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Court Reporting / Video Conferencing / Transcription
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How Do Court Reporters Transcribe?

The stenographer took shorthand

Court reporters are a regular part of litigation and all court proceedings. Many trained litigators, however, couldn’t tell you how court reporters actually operate. Professional court reporters are more than experienced typists–they utilize expertly-honed skills and rely on specialized equipment to accurately transcribe fast-paced, complex dialogue in real-time. Continue reading to learn about how court reporters operate, and reach out to our qualified and detail-oriented Phoenix court reporters for deposition services throughout the state of Arizona.

Required Court Reporter Training

In order to be a court reporter, a candidate must do more than learn to type quickly on a standard keyboard. Court reporters must fulfill general requirements and standards at a court reporting school that has been certified and accredited by the National Court Reporters Association (NCRA). Applicants must have a high school diploma or GED to enroll, and many schools have additional prerequisites concerning data entry skills. Court reporting school includes training on keyboarding, machine shorthand, legal terminology, medical terminology, vocabulary, law, scientific terminology, dictation, and even ethics, among other things. Students must also take speed-building classes–225 words per minute is the bare minimum just to pass keyboarding.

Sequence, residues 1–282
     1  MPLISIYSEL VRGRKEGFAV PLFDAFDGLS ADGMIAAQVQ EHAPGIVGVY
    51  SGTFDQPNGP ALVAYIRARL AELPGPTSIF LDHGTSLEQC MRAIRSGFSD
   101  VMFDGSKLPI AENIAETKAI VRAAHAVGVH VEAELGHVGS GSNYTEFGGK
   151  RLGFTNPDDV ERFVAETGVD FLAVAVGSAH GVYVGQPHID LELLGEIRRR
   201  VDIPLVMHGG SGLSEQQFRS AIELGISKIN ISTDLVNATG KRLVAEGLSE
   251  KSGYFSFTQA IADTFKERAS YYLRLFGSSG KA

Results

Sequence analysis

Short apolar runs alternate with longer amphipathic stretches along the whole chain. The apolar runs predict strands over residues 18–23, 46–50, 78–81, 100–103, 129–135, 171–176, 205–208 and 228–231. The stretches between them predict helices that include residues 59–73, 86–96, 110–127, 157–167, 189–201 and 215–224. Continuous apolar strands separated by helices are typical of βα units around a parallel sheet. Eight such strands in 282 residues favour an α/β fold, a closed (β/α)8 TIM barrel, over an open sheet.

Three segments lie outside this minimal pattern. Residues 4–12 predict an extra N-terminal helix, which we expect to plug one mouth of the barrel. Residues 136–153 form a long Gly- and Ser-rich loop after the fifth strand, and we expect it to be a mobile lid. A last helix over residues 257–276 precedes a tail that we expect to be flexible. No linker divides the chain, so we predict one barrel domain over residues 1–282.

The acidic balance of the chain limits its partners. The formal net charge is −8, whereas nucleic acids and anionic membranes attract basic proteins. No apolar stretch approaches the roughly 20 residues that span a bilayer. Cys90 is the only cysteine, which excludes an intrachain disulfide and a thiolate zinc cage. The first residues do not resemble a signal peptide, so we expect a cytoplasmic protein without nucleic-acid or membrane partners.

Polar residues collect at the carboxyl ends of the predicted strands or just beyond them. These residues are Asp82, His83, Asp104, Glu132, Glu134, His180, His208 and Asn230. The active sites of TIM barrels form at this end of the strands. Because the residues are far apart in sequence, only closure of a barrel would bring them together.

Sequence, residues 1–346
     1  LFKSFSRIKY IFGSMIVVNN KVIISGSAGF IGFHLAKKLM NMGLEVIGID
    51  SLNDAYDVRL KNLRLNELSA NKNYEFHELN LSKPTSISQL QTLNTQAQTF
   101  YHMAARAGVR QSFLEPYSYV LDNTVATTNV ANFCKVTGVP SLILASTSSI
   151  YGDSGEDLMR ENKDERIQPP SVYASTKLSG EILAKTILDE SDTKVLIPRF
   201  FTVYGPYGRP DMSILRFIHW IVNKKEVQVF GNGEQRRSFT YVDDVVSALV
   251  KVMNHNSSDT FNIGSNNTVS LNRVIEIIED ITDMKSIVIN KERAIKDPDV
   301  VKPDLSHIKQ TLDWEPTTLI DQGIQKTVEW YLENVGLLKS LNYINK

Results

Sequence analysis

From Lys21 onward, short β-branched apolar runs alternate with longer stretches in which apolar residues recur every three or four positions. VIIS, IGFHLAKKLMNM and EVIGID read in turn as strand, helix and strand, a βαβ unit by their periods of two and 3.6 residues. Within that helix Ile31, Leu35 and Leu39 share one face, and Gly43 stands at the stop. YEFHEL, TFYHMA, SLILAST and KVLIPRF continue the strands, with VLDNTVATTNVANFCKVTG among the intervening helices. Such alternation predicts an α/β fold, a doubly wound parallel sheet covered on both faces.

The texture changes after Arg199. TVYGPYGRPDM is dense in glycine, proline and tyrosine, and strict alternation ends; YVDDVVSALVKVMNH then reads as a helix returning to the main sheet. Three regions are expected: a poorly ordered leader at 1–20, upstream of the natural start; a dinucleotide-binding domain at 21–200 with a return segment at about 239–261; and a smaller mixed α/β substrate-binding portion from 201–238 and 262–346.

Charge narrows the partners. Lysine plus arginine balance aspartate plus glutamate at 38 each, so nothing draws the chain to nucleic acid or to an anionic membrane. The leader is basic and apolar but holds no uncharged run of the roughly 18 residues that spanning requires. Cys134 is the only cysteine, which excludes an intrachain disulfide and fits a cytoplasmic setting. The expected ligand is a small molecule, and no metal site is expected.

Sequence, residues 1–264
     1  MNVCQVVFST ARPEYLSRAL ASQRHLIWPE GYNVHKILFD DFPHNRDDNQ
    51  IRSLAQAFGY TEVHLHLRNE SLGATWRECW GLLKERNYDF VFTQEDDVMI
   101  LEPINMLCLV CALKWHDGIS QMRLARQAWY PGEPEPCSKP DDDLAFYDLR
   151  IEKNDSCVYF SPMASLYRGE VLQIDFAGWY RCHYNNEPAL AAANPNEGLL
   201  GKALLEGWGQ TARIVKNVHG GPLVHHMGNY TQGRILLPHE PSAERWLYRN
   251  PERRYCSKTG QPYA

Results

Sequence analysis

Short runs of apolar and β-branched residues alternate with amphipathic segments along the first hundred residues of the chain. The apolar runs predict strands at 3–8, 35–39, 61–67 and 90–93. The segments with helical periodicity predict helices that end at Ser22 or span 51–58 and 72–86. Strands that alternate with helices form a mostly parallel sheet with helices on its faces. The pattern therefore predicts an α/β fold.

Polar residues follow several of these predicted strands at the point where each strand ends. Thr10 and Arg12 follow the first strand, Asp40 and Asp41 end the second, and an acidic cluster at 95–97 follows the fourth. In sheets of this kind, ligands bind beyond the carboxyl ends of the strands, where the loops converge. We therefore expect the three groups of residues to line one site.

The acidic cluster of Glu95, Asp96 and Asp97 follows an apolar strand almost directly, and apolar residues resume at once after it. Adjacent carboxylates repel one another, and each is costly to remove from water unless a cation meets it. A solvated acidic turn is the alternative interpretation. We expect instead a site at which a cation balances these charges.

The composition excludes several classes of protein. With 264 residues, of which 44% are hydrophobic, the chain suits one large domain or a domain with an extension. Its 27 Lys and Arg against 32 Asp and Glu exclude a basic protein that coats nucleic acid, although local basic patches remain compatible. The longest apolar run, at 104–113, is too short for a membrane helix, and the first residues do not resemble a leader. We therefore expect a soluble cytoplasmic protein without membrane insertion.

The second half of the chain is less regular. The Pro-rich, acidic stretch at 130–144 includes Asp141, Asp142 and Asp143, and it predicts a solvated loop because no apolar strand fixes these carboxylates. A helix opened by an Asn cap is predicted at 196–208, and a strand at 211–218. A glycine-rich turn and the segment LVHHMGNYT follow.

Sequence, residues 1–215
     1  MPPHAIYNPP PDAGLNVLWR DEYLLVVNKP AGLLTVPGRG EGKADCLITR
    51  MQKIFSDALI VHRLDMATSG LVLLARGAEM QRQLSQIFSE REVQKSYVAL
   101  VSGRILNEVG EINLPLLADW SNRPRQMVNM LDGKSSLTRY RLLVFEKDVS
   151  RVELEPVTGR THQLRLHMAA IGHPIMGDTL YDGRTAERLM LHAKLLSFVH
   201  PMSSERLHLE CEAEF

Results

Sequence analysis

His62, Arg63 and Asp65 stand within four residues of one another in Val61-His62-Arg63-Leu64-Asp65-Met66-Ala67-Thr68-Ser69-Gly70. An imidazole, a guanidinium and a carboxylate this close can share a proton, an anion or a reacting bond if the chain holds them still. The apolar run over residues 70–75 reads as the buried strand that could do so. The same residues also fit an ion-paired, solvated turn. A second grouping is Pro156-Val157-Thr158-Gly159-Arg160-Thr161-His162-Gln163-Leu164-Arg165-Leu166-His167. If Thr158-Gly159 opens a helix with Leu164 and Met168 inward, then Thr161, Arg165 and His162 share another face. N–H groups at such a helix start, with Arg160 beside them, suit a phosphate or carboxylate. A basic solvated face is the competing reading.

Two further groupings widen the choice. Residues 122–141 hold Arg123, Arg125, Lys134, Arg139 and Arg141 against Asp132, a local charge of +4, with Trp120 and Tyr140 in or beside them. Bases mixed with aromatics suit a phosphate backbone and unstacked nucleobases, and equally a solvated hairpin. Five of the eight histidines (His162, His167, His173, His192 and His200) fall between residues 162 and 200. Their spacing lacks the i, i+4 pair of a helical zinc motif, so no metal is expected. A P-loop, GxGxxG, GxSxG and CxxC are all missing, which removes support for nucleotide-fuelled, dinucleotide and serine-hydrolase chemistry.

Court reporters must obtain their degree from an accredited school and obtain a Certified Shorthand Reporter license to qualify as a court reporter. States have different requirements for licensing, but prospective court reporters typically take an extensive written exam and a performance test.

The Specialized Equipment

Court reporters generally use specialized equipment known as a stenotype machine rather than a standard keyboard. These machines have evolved significantly since the original invention, but they still use the concept of keys that can be pressed simultaneously to capture words, sounds, and phrases quickly. The stenotype has 22 black keys and more closely resembles a piano than a standard QWERTY keyboard.

Stenotypes utilize a combination of phonetic sounds to generate words, rather than relying on spelling. Court reporters can thus transcribe words that they’ve never heard, such as complex names. Being able to type multiple keys at the same time allows reporters to keep up with fast-paced dialogue and complex jargon. The original phonetic transcripts are then fed into computer programs that translate the phonetic sounds into proper captions of the dialogue. With the advent of laptops and digital programs, this translation from phonetics into captions can happen essentially in real-time, allowing for hearing-impaired individuals to follow along with court proceedings. Finalized, reviewed transcripts can easily be transmitted via email.

If you need premium, professional, and dedicated court reporting services in Arizona, contact the Phoenix offices of Ottmar & Associates at 602-485-1488.